More and more people today are choosing specialized trade schools over traditional college in an effort to be able to advance quickly into the professional market place with a skill that can start earning money right away as well as provide opportunities for growth and advancement into the future. Gunsmithing schools are one of these options, offering specialized education opportunities for people who are interested in firearms and realize the potential this industry has to offer individuals with the skill set needed to participate. So what does it take to become a gunsmith? What do you need to know to break into this growing profession?
You can expect the curriculum at most gunsmithing schools to cover comprehensive training in various aspects of performance, maintenance and customization of both handguns and rifles. Some programs will include additional course instruction in collectible firearms, antiques and muzzle loaders. For the most well-rounded educational experience, look for a program which offers the most comprehensive instructional materials. This will leave you with the best outlook, professionally, as you enter the market place with your new skill set in search of employment or as you venture forth with a business plan of your own.
Basic Courses Offered at Gunsmithing Schools
You should expect the curriculum to include, at a minimum, the basic courses for gunsmithing instruction. These basic courses include:
This is the introductory portion of your gunsmithing instruction. This segment will contain an overview of the elements to be covered throughout the entire program, giving you a final chance to evaluate whether or not this is an appropriate career choice for you, personally. In addition to this comprehensive overview, the introductory portion of your gunsmithing curriculum should begin to dive into basic instruction on important fundamental concepts such as:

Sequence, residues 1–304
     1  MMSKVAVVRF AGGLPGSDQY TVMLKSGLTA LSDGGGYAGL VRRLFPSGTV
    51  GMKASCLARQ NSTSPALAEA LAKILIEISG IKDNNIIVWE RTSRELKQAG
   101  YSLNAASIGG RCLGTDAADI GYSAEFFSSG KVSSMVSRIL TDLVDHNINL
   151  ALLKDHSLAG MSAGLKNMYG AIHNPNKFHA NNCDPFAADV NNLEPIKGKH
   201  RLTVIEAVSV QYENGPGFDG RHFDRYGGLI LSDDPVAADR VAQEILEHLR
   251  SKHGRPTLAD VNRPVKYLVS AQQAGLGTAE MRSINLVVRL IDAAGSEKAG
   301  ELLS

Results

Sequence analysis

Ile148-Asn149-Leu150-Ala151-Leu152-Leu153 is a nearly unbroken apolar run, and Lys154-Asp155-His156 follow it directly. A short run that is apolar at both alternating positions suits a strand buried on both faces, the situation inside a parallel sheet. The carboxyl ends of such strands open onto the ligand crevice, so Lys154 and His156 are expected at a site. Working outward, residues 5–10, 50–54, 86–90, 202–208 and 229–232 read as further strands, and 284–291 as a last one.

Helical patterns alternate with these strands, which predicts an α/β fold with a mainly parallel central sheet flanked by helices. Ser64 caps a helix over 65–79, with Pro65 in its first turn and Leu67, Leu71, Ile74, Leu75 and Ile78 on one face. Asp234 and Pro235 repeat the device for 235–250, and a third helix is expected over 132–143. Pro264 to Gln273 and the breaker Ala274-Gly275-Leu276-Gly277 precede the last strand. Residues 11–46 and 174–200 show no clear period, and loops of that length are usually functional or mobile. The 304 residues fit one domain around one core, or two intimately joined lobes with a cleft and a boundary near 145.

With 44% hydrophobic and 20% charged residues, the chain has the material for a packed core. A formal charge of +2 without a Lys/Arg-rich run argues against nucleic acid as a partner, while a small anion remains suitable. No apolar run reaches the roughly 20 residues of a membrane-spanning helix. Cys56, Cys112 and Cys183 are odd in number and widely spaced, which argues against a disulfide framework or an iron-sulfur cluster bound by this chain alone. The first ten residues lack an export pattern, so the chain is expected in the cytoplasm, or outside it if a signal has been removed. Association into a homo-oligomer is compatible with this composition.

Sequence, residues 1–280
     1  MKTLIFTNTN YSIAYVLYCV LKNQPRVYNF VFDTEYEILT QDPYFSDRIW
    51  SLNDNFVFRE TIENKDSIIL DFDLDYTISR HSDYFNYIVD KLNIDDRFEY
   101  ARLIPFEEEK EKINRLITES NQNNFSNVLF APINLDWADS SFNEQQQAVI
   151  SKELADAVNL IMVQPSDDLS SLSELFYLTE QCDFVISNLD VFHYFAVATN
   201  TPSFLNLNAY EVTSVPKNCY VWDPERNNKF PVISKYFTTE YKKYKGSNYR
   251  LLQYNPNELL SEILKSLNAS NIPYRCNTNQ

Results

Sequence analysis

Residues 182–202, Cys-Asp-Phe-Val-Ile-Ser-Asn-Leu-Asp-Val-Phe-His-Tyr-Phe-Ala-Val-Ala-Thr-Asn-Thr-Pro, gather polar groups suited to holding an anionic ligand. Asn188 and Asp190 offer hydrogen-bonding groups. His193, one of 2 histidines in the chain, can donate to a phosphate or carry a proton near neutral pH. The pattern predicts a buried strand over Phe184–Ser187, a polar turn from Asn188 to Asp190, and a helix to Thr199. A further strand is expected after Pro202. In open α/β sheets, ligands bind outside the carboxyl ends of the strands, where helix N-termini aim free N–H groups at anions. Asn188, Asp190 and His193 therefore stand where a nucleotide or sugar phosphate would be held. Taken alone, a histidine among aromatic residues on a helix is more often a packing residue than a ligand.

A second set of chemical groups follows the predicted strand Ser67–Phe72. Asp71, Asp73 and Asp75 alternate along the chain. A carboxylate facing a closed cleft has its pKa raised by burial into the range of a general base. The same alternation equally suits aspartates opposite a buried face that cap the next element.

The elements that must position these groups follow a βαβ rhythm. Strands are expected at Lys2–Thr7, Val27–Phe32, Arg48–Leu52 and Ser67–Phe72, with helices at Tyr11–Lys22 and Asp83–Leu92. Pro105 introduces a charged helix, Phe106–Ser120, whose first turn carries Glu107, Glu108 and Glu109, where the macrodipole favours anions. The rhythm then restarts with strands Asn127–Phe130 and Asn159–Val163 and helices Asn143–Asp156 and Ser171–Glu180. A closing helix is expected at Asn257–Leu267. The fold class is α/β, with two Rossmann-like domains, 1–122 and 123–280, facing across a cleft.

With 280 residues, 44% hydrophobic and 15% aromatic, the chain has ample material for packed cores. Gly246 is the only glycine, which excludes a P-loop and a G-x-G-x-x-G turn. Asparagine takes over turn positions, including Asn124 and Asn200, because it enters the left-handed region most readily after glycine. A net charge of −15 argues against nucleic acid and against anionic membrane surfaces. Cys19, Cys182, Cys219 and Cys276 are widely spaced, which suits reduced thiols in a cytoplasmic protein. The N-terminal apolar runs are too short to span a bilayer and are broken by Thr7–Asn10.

While much of what you will learn in the introductory portion will be covered in much more depth later on, this part of the curriculum should give you a good understanding of what is to come, as well as a clear vision of what you will realistically be able to do with your gunsmithing certification upon program completion. Things such as federal licensing requirements will also be touched upon at this stage, as well as possible career options.
Many students will find employment opportunities readily available upon completion of a basic gunsmithing curriculum. Some schools also offer continued education in this trade, however, in the form of advanced curriculum and specializations. Refinishing and custom firearms design are some examples of directions you may choose to take your firearms education beyond the basics provided in the “gunsmithing 101” phase.
Gunsmithing schools provide not only the technical education one needs to pursue a career in the various aspects of firearms, but also career counseling and guidance toward starting and running your own business. Upon completion of this specialized curriculum, you will be well prepared to enter this fascinating and rewarding profession.